Urology 42(6): 622-629, 1993.
Fowler FJ, Barry MJ, Lu-Yao G, et al.
To estimate the probabilities of complications and follow-up treatment, a sample of Medicare patients who underwent radical prostatectomy (1988 through 1990) was surveyed by mail, telephone, and personal interview. Respondents reported their current status with respect to continence and sexual function as well as post-surgical treatments they had had to treat residual or recurrent cancer or surgical complications. Over 30 percent reported currently wearing pads or clamps to deal with wetness; over 40 percent said they drip urine when they cough or when their bladders are full; 23 percent reported daily wetting of more than a few drops. About 60 percent of patients reported having no full or partial erections since their surgery, and only 11 percent had any erections sufficient for intercourse during the month prior to the survey. Six percent had surgery after the radical prostatectomy to treat incontinence; 15 percent had treatments or used devices to help with sexual function; 20 percent report having had post-surgical treatment for urethral strictures. In addition 16 percent, 22 percent, and 28 percent reported follow-up treatment for cancer (radiation or androgen deprivation therapy) at two, three, and four years after radical prostatectomy. These estimates of complication and follow-up treatment rates are generally higher, and almost certainly more representative for older men, than estimates previously published. Patients and physicians may want to weight heavily the complications and need for follow-up treatments when considering radical prostatectomy for prostate cancer.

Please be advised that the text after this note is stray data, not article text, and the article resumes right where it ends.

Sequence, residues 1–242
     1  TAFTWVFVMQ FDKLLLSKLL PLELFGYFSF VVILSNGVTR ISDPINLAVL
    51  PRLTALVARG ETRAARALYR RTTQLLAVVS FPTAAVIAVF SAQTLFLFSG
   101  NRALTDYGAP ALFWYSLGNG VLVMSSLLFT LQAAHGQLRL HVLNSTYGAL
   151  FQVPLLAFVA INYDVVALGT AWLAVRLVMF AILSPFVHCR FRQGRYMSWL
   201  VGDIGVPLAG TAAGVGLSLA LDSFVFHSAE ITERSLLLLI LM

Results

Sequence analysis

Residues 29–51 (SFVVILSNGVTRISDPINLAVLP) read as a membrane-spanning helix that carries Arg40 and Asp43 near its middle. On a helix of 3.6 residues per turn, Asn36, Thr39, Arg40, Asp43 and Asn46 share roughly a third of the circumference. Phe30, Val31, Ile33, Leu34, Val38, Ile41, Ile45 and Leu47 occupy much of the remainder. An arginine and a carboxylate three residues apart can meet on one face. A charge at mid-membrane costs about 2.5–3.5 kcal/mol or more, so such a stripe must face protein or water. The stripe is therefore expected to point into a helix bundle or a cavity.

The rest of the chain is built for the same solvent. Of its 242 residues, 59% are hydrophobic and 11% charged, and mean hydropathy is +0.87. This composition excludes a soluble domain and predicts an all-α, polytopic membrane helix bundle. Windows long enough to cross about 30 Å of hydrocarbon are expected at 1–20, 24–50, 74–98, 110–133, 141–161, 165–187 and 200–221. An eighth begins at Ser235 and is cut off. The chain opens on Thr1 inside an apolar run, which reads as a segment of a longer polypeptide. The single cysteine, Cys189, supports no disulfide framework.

Rheinische Friedrich- Wilhelms- Universität Bonn